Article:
Mary Medlicott, Storyteller and Author - Storyworks

Echoes of Mary ~ Foxes and Figs

Now and then, dear readers of Mary’s Blog, the synchronisities of which you may recall Mary was very fond come thick and fast.

So it started with a letter  which arrived just before I left for Leeds last Friday. It was from John Pole the very special song writer and puppeteer story teller. He wrote that he’d only just heard of Mary’s death and wanted to send his deepest sympathy.  I was particularly pleased to receive it as when putting out word of Mary’s death I’d not been able to find a recent contact for John.

“She was such a warm, kind and caring person, always a listener as well as a teller. She did what all great storytellers do, making all her audiences her friends.”

John had joined a storytelling course which Mary ran in Tooting. Much material for this Storytelling Starters blog came from there down the years. And the synchronicity? When John had joined the course he had recognised the name Medlicott as belonging to someone who had as a pupil assisted him with the plays he produced at Westminster School in the early sixties – yes, me. And I remembered him very well, particularly for his principled decision to get out of the private and into the state system.

Second synchronicity: I well remembered Mary’s delight in John’s song Mr Fox but failed to find it in my trawl through past blogs apart from a reference that Mary had enjoyed singing it.  Fox cubs playing in the garden this weak had already made me think Mary might have liked them as a blog topic. I found a version of the song I didn’t much like on the web. So writing to John to thank him for his letter I asked if there was a version he liked and indeed if he might let me put the lyrics in the blog this week. His answers: yes and yes. First the truly wonderful Frankie Armstrong  (with whom Mary had worked) and here is a link to her singing Mr Fox  John also sent the lyrics and – synchronicity 3 – the year he wrote it was my last year at school when I helped him with The Good Soldier Schweik :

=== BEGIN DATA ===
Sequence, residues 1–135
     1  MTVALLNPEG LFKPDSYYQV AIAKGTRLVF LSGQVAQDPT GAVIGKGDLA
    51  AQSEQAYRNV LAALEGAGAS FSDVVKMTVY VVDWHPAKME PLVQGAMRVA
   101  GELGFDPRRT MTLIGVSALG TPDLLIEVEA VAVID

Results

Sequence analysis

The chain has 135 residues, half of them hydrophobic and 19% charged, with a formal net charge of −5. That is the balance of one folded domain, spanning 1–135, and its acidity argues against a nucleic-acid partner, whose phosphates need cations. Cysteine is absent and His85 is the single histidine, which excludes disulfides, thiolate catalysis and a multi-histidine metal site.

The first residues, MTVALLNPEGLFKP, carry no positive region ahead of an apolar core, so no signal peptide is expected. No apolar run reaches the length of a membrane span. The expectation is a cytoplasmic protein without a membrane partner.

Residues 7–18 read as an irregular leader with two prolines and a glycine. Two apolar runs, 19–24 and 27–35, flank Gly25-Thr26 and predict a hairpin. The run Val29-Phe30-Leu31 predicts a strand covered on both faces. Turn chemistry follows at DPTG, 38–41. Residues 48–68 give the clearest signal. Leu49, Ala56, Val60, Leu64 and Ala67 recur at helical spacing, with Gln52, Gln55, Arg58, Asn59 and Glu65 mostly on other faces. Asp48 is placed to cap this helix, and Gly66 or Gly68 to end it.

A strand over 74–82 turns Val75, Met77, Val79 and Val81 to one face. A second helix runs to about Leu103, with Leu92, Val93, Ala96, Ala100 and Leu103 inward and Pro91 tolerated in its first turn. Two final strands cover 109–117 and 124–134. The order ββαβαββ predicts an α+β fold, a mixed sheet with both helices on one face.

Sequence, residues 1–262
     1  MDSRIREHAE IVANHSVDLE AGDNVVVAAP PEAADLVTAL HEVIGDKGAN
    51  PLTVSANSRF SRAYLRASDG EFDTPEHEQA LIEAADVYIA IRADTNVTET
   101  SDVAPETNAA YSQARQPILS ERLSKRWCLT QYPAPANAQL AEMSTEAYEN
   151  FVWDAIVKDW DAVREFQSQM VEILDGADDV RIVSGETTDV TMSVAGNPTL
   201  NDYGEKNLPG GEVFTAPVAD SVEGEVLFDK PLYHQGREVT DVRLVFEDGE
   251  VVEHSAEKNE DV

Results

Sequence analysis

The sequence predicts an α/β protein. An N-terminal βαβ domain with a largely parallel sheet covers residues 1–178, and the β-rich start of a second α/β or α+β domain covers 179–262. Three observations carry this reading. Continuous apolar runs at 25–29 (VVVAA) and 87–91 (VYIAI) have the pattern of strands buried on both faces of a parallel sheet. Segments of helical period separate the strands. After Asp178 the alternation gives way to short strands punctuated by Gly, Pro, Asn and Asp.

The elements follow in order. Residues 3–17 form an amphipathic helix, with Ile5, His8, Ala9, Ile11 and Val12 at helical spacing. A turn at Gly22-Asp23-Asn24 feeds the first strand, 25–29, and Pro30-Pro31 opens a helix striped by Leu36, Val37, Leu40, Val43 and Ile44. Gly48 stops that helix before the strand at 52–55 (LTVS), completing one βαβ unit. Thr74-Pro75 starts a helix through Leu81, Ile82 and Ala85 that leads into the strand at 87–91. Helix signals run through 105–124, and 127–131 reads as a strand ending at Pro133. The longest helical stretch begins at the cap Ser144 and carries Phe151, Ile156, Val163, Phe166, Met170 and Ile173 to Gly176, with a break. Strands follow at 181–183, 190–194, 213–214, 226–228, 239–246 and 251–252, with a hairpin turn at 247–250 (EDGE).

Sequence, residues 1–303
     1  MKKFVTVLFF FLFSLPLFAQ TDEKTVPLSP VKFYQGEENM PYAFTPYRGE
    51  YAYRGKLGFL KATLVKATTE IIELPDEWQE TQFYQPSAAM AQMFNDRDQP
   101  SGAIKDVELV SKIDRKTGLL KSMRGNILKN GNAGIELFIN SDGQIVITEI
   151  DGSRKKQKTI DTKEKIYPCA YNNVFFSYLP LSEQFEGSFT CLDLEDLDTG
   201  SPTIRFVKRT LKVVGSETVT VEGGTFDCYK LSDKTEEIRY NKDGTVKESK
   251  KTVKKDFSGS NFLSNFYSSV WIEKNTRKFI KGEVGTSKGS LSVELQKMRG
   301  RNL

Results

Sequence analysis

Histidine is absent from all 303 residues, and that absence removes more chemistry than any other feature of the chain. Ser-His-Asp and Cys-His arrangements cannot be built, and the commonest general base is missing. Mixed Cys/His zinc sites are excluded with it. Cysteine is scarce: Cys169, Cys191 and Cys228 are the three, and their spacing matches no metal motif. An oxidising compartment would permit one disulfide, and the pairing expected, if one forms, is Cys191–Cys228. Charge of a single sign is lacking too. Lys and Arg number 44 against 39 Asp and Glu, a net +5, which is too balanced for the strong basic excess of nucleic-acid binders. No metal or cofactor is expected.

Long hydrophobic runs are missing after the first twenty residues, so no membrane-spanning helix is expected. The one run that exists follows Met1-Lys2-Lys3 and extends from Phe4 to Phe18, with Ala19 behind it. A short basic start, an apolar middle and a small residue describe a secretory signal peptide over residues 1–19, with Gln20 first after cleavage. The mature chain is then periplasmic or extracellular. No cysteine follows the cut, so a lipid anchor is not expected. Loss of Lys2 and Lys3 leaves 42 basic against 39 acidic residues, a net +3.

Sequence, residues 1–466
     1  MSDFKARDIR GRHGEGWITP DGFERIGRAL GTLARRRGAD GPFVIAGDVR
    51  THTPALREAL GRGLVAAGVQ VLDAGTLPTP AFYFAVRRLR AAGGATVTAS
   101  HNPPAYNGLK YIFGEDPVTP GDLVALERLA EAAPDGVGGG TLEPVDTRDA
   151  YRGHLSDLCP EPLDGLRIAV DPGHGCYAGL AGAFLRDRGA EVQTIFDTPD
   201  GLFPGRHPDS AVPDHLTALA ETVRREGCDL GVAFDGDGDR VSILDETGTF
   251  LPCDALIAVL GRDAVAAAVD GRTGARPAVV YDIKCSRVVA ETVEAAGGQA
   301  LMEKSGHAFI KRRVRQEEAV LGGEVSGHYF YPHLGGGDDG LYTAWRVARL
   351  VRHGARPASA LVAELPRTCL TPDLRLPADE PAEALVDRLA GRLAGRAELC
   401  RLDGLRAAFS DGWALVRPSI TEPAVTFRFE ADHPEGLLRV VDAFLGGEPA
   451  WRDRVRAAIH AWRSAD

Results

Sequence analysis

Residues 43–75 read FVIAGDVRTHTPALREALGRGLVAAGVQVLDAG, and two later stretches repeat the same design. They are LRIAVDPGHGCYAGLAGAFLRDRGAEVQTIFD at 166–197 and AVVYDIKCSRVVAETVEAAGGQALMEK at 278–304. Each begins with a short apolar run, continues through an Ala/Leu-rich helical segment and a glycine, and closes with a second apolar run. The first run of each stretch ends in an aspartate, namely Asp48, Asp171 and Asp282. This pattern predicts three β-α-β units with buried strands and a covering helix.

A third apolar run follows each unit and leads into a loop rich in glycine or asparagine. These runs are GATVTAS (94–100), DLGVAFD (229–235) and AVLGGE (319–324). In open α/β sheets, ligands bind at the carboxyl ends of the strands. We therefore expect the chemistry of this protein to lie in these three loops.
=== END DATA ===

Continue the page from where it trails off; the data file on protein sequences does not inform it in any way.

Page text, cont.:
Mr Fox

Outside Mr Fox’s garden
Three maids playing with a golden ball
Jenny threw it up and Susan caught it
Mary bounced it over the wall
The wall is high   Mr Fox has a little red eye
In she run to fetch it back again
The garden gate stood open wide
Suddenly it was locked and bolted
Mr Fox stood just inside
The wall is high  the grasses shiver and the tall trees sigh
He said ‘I’ll keep your golden ball Miss Mary
I shall have it and here you’ll stay
You’ll keep my house and be my servant
Never stir out for a year and a day’
The wall is high his smile is cruel and his eyes are sly
Spring and summer passed like shadows
She watched the green leaves fade and fall
She walked alone in the empty garden
And Mr Fox said    nothing at all
The wall is high  never a soul come near nor by 
Three strange things he did forbid her
‘Never you touch my iron box
Never go in the thirteenth bedroom
Nor near the bed’ said Mr Fox
 ‘The wall is high   Mary  don’t you ask me why’
Mary she rose up one morning,
Found that iron box on a shelf
But of all the rooms at Mr Fox’s
Bedrooms there were only twelve
The wall is high Mary don’t you peep nor pry 
One day Mr Fox went walking
In that box she found a key
It fitted a lock she’d never unfastened
And when she opened it  what did she see ?
The wall is high   the lock said ‘Stop’ and the key said ‘Fly’
In Mr Fox’s thirteenth bedroom
A naked sword hung on the wall
In a silver bowl on the bed’s black counterpane
Mary saw her golden ball
The wall is high  the bed said ‘Come’ and the sword said ‘Die’
In she ran to fetch it back again
To snatch it off the great black bed
Out jumped Mr Fox and leapt at her
His teeth flashed white and his eyes shone red
 The wall is high
(This is a possible (extra) final verse –
Outside Mr Fox’s garden
Three maids playing with a golden ball
Jenny threw it up and Susan caught it
Molly bounced it over the wall )

What’s synchronous about figs? I hear you cry.Andy Feeley, who has been sorting our plumbing for very many years, was very sorry not to be able to come to Echoes of Mary ~ the Celebration. and when he came to do some fixing on Thursday he brought some of his figs (see rt) that Mary always loved. And yesterday Annalee Curran, one of our very closest friends who had not been able to attend either being Covid-bound came to and indeed brought most of our lunch. During which she had a text from Andy Feeley saying he had left her some of his figs too. For why? They are next door neighbours.

Thank you dear Mary for being the begetter of all this figgy, foxy storyworks.

Tomorrow to Mathri.

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One Response to “Echoes of Mary ~ Foxes and Figs”

  1. Mary Steele Says:

    Another food based syncronicity – welshcakes this time. My neighbour, a cook, occasionally brings me cakes as a reward for looking after her cat. The evening before Echoes of Mary she came over with a bag of welshcakes. She had just been given a griddle by her Welsh in-laws. She knew nothing about this, but, of course, the other person who used to bake me welshcakes was Mary.

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